Habitat and environment use: In order to find out whether cougar use environmental variables (vegetation type and paths type) according to the availability of those resources, our null hypothesis was that these are not selected by the animals or selection is random. This was demonstrated by a Pearson's chisquared statistical test (Chernoff, & Lehmann, 1954; Siegel & Castellan, 1988), using a Monte Carlo method to estimate the corresponding sample significance level (P-value) (Hope, 1968). Camera capture frequencies were taken as observations in each one of the resource categories (MF, acahual, trail, firebreak, and dirt road), as well as in each activity pattern. The percentage of stations placed at each resource type (vegetation and path) was determined in order to calculate the expected proportions resulting from random selection. All the photographic records from each resource type were considered for activity pattern determination. An expected proportion of 10/24 hours for the diurnal/nocturnal period, and of 4/24 hours for the crepuscular period were considered. The size of the sample and the spatial distribution of the cameras involved an increased association between camera observations from nearby devices as well as violation of the principle of normality. For this reason, the bootstrap technique was used to calculate simultaneous confidence intervals (Mandel & Betensky, 2008) for proportions of use by category. The number of bootstrap repetitions was 10 000, with a confidence interval of 1-[alpha]/2k using the percentile method, where k is the number of resource categories. The statistic used to demonstrate [H.sub.0] : [p.sub.i] = [p.sub.0] , where the real proportion is pi for the i-th category, and is [p.sub.0] the expected proportion according to the null hypothesis, was the observed proportion for the i-th category [[??].sub.i]. [H.sub.0] was rejected when the bootstrap interval for pi did not contain [p.sub.0].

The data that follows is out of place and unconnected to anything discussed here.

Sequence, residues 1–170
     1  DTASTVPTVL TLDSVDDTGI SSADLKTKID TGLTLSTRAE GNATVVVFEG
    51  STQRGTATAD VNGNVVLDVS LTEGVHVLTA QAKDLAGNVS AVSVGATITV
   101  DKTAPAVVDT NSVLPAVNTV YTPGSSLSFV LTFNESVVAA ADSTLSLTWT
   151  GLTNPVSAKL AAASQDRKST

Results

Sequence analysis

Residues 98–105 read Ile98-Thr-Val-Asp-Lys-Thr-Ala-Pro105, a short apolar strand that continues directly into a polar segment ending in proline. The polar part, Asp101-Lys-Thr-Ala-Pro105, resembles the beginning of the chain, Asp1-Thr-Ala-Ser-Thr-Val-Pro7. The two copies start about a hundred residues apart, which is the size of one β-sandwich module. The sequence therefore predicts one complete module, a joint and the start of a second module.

Activity patterns: Activity patterns were established as: nocturnal, from 20:00 to 06:00; crepuscular, from 06:00 to 08:00, and 18:00 to 20:00, and diurnal, from 08:00 to 18:00 (Monroy-Vilchis et al., 2011). Group of hours; starting with 00:00 hours, hours were grouped in pairs in order to determine activity peaks.